Lion Gate Hattuşa Capital of Hittite Empire, Çorum
© Gate Hattuşa Capital of Hittite Empire, Çorum.
The Çorum Provincial Directorate of Culture and Tourism announced in a written statement that a new Indo-European language was discovered during excavations in the Boğazkale district of Çorum, which is home to Hattusa, the capital of the Hittites.

The Hittites lived in Anatolia around 3,500 years ago. They recorded state treaties and decrees, prayers, myths, and incantation rituals on clay tablets - in a language that could only be deciphered around 100 years ago. The basis for this is around 30,000 manuscripts, which are predominantly written in the Hittite language, but also to a lesser extent in other languages such as Luwian or Palaian. Now a new one has been added to these languages.

The Hittites, one of the most mysterious and powerful civilizations in Anatolian history, empire rose with the invention of the alphabet when humanity transitioned from the Middle to the late Bronze Age in the late 14th and 12th centuries B.C.

We know that they were one of the greatest military powers of their time - after all, they went head-to-head with the great pharaohs of Egypt, such as Ramesses the Great, before their power was finally put in check by the world's first peace treaty. And then one day, in around 1,180 B.C., their powerful empire suddenly broke apart, splintering into independent Neo-Hittite city-states, which slowly and mysteriously disappeared off the face of the earth.

Hittite Tablet
© WkipediaHittite is the oldest Indo-European language known—older than Greek, Latin, or Sanskrit.
In the statement, it was stated that new finds continued to be added to the cuneiform inscriptions in the archaeological studies carried out under the direction of Prof. Dr. Andreas Schachner from the Istanbul Branch of the German Archaeological Institute, and the following was noted:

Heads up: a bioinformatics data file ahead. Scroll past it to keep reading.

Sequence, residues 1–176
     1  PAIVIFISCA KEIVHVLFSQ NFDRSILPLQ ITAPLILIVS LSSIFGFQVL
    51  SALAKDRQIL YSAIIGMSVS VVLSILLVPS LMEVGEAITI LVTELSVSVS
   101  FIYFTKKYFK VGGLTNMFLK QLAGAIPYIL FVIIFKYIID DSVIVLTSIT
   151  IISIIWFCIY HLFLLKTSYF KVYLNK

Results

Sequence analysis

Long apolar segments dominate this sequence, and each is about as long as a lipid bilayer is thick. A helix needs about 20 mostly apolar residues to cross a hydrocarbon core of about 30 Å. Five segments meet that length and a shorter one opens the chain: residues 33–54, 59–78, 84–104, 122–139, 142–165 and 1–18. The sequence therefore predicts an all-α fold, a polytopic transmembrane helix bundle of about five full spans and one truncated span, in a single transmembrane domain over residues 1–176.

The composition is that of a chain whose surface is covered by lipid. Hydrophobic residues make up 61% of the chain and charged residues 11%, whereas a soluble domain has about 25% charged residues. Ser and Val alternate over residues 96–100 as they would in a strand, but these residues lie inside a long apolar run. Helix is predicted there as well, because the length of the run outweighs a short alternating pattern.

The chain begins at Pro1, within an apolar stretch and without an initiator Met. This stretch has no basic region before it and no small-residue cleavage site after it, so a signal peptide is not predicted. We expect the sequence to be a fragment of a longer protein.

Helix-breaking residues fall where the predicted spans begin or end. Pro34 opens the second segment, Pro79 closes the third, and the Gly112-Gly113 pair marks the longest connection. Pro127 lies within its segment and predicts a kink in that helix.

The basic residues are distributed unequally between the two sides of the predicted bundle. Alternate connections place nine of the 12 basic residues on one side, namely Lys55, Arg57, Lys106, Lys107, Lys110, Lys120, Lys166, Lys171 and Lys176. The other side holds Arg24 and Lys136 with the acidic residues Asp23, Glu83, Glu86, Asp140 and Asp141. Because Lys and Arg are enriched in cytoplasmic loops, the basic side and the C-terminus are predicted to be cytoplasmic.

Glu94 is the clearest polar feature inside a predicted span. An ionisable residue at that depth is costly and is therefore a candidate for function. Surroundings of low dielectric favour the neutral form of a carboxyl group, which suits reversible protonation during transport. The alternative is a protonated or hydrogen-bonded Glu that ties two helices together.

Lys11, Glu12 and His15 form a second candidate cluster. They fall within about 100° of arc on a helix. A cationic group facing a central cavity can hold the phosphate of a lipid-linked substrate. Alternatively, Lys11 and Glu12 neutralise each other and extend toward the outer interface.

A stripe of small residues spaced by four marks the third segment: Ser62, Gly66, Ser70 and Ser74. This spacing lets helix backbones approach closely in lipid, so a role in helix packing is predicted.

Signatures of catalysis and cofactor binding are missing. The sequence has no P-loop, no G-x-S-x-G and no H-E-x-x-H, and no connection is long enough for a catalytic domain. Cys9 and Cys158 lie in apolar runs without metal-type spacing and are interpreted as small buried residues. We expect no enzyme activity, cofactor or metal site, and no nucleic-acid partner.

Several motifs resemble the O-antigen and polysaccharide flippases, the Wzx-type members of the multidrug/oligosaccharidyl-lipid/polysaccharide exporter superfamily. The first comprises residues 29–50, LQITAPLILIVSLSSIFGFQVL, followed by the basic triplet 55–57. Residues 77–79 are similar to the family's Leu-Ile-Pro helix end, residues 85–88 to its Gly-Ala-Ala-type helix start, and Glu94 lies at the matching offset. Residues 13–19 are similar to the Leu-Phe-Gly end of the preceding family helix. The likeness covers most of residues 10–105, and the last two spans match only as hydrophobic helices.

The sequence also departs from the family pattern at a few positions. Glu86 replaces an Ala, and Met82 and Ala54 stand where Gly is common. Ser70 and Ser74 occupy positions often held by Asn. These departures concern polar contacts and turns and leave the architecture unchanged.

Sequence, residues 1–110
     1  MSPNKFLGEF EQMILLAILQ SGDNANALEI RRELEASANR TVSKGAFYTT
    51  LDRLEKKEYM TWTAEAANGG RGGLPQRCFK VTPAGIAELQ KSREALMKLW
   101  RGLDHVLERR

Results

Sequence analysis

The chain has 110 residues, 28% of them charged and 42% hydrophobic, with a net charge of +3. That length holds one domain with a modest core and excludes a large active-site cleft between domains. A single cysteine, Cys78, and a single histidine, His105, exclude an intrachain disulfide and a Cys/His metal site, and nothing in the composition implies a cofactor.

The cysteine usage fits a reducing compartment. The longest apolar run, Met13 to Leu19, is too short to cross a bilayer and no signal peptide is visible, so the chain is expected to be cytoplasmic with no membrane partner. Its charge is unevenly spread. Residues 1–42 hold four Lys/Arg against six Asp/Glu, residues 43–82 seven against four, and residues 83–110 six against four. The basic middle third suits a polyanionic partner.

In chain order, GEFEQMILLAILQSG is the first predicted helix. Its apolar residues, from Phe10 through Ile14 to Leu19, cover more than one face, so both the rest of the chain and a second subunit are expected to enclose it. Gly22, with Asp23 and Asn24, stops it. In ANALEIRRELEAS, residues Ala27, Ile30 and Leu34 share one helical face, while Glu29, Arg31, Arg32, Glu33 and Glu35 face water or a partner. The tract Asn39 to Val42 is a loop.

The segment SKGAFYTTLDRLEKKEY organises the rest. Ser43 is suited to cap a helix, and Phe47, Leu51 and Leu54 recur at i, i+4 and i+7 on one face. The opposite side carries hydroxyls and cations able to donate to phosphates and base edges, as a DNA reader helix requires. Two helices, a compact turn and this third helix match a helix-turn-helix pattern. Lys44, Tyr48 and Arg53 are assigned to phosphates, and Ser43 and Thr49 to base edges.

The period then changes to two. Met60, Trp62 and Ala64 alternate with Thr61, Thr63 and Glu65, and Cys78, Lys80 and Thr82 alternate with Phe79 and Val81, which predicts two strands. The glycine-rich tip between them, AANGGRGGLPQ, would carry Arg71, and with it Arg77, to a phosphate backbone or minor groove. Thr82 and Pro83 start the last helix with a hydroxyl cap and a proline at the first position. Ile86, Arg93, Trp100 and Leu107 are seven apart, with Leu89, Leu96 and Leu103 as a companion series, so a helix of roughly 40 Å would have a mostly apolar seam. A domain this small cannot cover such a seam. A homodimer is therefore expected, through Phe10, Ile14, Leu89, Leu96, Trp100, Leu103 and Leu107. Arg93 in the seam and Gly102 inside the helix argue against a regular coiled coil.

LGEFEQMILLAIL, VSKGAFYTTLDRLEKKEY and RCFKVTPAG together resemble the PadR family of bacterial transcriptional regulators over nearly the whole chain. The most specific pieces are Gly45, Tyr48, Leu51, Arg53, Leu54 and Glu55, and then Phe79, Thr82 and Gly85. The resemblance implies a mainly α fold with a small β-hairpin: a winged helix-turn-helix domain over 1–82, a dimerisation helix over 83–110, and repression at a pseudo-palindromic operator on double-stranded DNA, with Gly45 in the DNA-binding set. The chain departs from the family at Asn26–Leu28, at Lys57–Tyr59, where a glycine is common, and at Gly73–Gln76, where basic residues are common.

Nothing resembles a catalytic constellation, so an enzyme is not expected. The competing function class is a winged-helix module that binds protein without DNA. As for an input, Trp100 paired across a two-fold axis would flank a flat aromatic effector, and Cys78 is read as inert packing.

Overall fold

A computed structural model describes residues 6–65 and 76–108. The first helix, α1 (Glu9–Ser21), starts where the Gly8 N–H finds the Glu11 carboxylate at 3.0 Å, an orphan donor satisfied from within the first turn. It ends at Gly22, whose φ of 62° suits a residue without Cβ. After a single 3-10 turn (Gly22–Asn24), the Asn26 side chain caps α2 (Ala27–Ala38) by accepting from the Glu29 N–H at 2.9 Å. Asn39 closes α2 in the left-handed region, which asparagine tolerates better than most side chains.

Most of the texts were written in Hittite, the oldest proven Indo-European language and the dominant language in the region, but an unexpected surprise was encountered during this year's excavations. A reading text written in a hitherto unknown language was hidden inside a cult ritual text written in Hittite. The excavation epigraphist is from the University of Würzburg, Germany Prof. Dr. Daniel Schwemer reports that he identified this language as the language of the Kalašma country, located at the northwestern end of the Hittite central region, probably in the modern Bolu or Gerede region.
The discovery of another language in the Boğazköy-Hattusa archives is not entirely unexpected. According to Professor Schwemer, the Hittites had a unique interest in recording rituals in foreign languages. Ritual texts written by the Hittite king's scribes reflect various Anatolian, Syrian and Mesopotamian traditions and linguistic environments. These rituals offer valuable perspectives on the little-known linguistic geography of Late Bronze Age Anatolia, where not only Hittite was spoken. As a matter of fact, the cuneiform texts in Boğazköy-Hattusa contain passages from Luwian and Palaca, two other Anatolian-Indo-European languages closely related to Hittite, as well as from Hattian, a language that is not of Indo-European origin. Now the Kalašma language can be added to these."

In the statement, it was pointed out that the text in the Kalašma language, written in a newly discovered language, is still largely incomprehensible, and the following statements were made:

"Schwemer's colleague, Prof. Dr. Elisabeth Rieken, an expert on ancient Anatolian languages, confirmed that this new language belongs to the Anatolian-Indo-European language family. According to Rieken, despite its geographical proximity to the region where Palaic is spoken, this text is linguistically Luwian." How closely the Kalašma language, is related to other Luwian dialects in Late Bronze Age Anatolia will be the subject of further research.

Interdisciplinary studies at Boğazköy-Hattusa have been conducted by the German Archaeological Institute (DAI), Thyssen Foundation, "It is carried out as a project funded by the GRH Foundation, the Volkswagen Foundation and the Italian Ministry of Foreign Affairs. Scientists from DAI, Istanbul, Würzburg and the University of Marburg are working together on the documentation and evaluation of the text."